Q and A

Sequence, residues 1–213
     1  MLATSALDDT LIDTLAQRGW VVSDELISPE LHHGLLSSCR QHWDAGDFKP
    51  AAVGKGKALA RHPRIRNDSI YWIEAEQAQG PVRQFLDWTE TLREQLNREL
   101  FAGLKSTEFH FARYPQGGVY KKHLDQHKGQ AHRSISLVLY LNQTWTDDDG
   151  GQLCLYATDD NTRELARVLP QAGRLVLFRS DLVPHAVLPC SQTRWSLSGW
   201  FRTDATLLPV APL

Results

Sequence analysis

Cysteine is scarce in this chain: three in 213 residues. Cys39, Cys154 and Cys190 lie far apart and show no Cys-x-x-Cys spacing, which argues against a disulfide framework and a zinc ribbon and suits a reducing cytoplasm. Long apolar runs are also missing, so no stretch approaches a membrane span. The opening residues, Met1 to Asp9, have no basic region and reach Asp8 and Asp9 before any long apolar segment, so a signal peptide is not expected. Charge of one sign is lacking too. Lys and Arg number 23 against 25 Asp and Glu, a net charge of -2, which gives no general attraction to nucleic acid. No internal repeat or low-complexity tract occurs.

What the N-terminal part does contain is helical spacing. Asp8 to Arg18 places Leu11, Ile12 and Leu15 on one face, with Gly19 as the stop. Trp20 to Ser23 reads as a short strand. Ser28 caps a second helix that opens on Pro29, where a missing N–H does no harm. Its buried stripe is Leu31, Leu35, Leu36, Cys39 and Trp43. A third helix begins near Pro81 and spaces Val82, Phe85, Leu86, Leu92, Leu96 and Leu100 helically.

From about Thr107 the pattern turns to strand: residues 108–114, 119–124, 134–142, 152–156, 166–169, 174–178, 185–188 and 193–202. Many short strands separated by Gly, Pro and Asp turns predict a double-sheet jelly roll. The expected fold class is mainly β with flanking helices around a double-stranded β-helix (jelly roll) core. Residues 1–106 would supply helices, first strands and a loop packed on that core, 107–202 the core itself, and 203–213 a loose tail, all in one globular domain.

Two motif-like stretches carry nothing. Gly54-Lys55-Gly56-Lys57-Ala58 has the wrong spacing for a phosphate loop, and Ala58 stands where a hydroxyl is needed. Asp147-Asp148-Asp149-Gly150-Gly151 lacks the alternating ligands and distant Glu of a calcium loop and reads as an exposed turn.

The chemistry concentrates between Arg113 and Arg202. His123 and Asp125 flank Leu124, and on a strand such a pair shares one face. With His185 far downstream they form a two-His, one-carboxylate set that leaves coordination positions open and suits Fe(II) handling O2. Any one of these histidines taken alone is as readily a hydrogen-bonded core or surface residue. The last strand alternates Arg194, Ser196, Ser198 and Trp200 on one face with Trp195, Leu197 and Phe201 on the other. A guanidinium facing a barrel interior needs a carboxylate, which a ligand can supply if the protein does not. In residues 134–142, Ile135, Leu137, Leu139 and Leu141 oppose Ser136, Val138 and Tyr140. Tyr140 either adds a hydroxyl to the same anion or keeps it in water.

first_imgThe employment law team at Pinsent Curtis Biddle answer questions onworkplace issuesEqual rights for men Q A man in our accounts department has asked if he can work reducedhours following the birth of his first child. Are we legally obliged to let himwork part time? A At the moment, there is no law which states that employers mustagree to allow employees to work part time. However, it is now well-establishedby case law that a refusal to allow a woman to return part time after the birthof a child may constitute indirect sex discrimination under the SexDiscrimination Act 1975. The basis for such a claim is that a practice orpolicy of requiring full time working generally has a greater adverse impact onwomen by comparison with men – statistics have shown that women have morechildcare responsibilities which makes it difficult or impossible for them todo full-time jobs. A man would not, therefore, be able to bring a claim ofindirect sex discrimination because men do not, generally speaking, belong tothe sex which is disadvantaged by a requirement for full time working. However, in the recent case of Walkingshaw v The John Martin Group, MrWalkingshaw succeeded in his complaint of direct sex discrimination after hisemployer refused to let him work part-time. He had been a full-time mechanic,but after his wife, who also worked full-time, had a baby, the couple decidedthat one of them would work part-time to care for the child. The mother’s jobwas seen to be of more benefit to the household, so it was decided MrWalkingshaw would ask to work part-time. At a meeting with his employer, therequest was refused as it was considered impossible and ‘too complicated’. Hisalternative suggestion of job-sharing was also considered to be ‘too messy’.The meeting lasted no more than 20 minutes, and he was told that the decisionwas final. Mr Walkingshaw resigned and claimed direct sex discrimination on the basisthat the employer allowed female employees to work part-time and that,therefore, he had been treated less favourably than a woman would have been insimilar circumstances. His claim succeeded. It seems, therefore, that employers who allow female employees to return towork part-time are under an obligation to treat requests from male staff in thesame way. The solution is not to refuse requests from women to work part-timeas that could lead to claims of indirect sex discrimination from femaleemployees. The Government has announced its intention to introduce new law which willallow employees to request flexible working without having to rely on argumentsof sex discrimination. Linda Jones Family friendly Bill Q How will the Employment Bill affect the rights of working parents? A The Bill contains a number of significant ‘family friendly’employment rights which will apply regardless of the size or resources of theemployer. These rights are likely to come into force in 2003. First, the Bill sets out to improve the current arrangements for statutorymaternity leave and pay – extending ordinary maternity leave from 18 to 26weeks. This will be followed by a further 26-week period of additional leave ifthe woman in question has completed one year’s continuous service. As a result,most working mothers will have the right to take up to a year of maternityleave (the current maximum is 40 weeks). The payment period for statutorymaternity pay (SMP) and maternity allowance, which are only payable duringordinary leave, will also be increased to 26 weeks. Second, the Bill will give working fathers who satisfy certain conditionsthe right to two weeks paid paternity leave on the birth or adoption of achild. Initially the rate of pay will be the lower of £100 per week or 90 percent of the employee’s average weekly earnings. Such payments will beadministered in the same way as SMP. Third, the Bill will introduce a new right of up to a year’s leave when anemployee adopts a child. Only the first 26 weeks of such leave will be paid,and the arrangements for payment and the level of pay will mirror those forstatutory paternity pay. The Bill has recently been amended to give parents of children under six theright to request more flexible working arrangements (such as a reduction inhours) to enable them to cope with their child-minding responsibilities.Although the employee will not be able to insist on a change in terms theemployer will have to follow a prescribed procedure when considering therequest and will only be able to refuse the request on one of a number ofspecified grounds. These include the burden of additional costs or theinability to reorganise work among existing staff. Helen Milgate Unfair dismissal regime Q What changes will the Employment Bill make to unfair dismissal claimsand what are the implications for employers? A The Employment Bill proposes a radical overhaul of the unfairdismissal regime. The aim is to promote the resolution of employment disputesin the workplace rather than the tribunals, controlling the continual rise intribunal applications. A key proposal is the introduction of statutory dismissal and grievanceprocedures. These would form part of every contract of employment and imposecertain minimum procedural steps. Significantly, the procedure applies to anydismissal, not just a disciplinary dismissal. It is likely that employees will be barred from bringing complaints to atribunal before the statutory procedure, including an appeal stage, has beenexhausted. But it is doubtful that they will lose the right to complain at allor that the new procedures will significantly reduce the number of employmentclaims. In many dismissal cases employees do appeal against their dismissalbefore bringing proceedings. Exhausting a grievance procedure may be lesscommon, but the overall impact of the change may be to delay claims rather thanreduce their number. Nevertheless, the introduction of the statutory procedures will create newrisks. If employers fail to comply with the statutory dismissal or grievanceprocedures the dismissal will be found to be automatically unfair. The failurecould also be a breach of the employment contract, giving rise to anautomatically unfair constructive dismissal claim. The basic steps of the dismissal procedure are not of themselves onerous.More problematic are the general requirements of both procedures, which requirethat each step under the procedure should be taken without unreasonable delay,that the timing and location of meetings be reasonable and that meetings areconducted in a way which allows both employer and employee to explain theircases. There is obvious scope for argument as to whether these have beencomplied with. Applicants may well focus on these issues in any tribunalhearing in the hope of establishing automatic unfair dismissal liability. Failure to follow the statutory procedure – dismissal or grievance – couldalso have a major impact on compensation. If proceedings are begun before thestatutory procedure is completed, the tribunal must increase or decrease anyaward by 10 per cent (depending on whether the failure to comply is due to theemployer or employee’s default) and can at their discretion increase ordecrease the award by 50 per cent. A related reform is the increased role for the statutory statement of themain terms and conditions of employment, which must be given within two monthsof the start of employment under s1 ERA 1996. As a minimum, employers should review their existing dismissal and grievanceprocedures and ensure that managers are aware of the need to follow these withcare. Christopher Mordue Worker involvement Q I am considering creating an informal employee work group to discussissues within the workplace. One of my managers has said that this could soonbe a statutory obligation upon all companies. Is this right? A Following the European Commission’s perceived success of EuropeanWorks Councils in achieving worker involvement in multinational companies, ithas been keen to extend worker information and consultation obligations intocompanies based in one member state. A draft directive on national-level informationand consultation of workers is making its way through the European legislativeprocess. As currently drafted it will oblige ‘undertakings with at least 50employees in any one Member State’ to inform and consult employeerepresentatives on: – the situation, structure and probable development of employment within theundertaking – measures envisaged which could pose a threat to employment – decisions likely to lead to substantial changes in work organisation orcontractual relations Christopher Booth Age discrimination Q Can I decide not to employ someone simply because they’re too old, inmy view, to integrate with my young workforce? If I do this, could the personbring any claims against me or my company? A It is unlawful in the UK to treat anyone less favourably on thegrounds of their sex, race or disability. An employee or worker who considersthey have been discriminated against on these grounds can bring a claim at anemployment tribunal and, if successful, be awarded compensation. It is not, currently, unlawful to discriminate against a person purely onthe grounds of their age. However, at present more men than women work beyondthe age of 60 and accordingly age should not be used as a factor duringredundancy selection procedures, as to do so could lead to sex discriminationclaims. The Government has issued a Code of Practice entitled Age Diversity inEmployment. However, this is only advisory in nature and has no legal force,although Employment tribunals are able to draw unfavourable inferences if itsprovisions are not observed. The Government has also launched the Age Positivewebsite in anticipation of age discrimination legislation in the future (www.agepositive.gov.uk). The Government reports that 90 per cent of people believe employersdiscriminate on the grounds of age, and the new website has a test foremployers on this basis. It is open to employers at present to recruit younger staff without theprospect of an employment tribunal claim, although this position may change,and as the working population ages, age discrimination may become less of anissue. Alison Elmore Keeping track of pension benefitsQ My employer has just outsourced the IT function in which Iwork. I know that my new employer will honour TUPE, but moving means I have tocome out of my present employer’s generous pension scheme. When I raisedconcerns, my present employer assured me that the rights and benefits under thenew employer’s scheme would be about the same. I have just received a letterfrom my new employer and it says I will be entitled to join a scheme, but itwill be a money purchase scheme as opposed to final salary, which will be muchless beneficial to me. Can I do anything?A In the High Court recently,in Hagen v ICI, the court established that in exceptional circumstances anemployer might be liable for misrepresentation if he makes promises about whata transferee will offer by way of terms and conditions, including pensionrights, provided that the promise is relied upon and causes loss. However, theICI case is unusual.  It was foundspecifically in that case that the employer had misrepresented pension rights(but not other terms) with the new employer and a financial claim on thatground succeeded. But, unusually, given the special relationship between ICIand its workforce and the unions, it was found that the workforce would havebeen able to influence the employer to negotiate better terms with thetransferee had the true position been known. Rarely will this be the case. Thebest advice is to get an assurance in writing from the employer beforetransferring and ensure that the advice given to you is as specific aspossible. But few employers will be as specific as ICI about prospects for thefuture.Dr John McMullenNational Head of Employment Law Q and AOn 1 Mar 2002 in Personnel Today Previous Article Next Article Related posts:No related photos. Comments are closed. last_img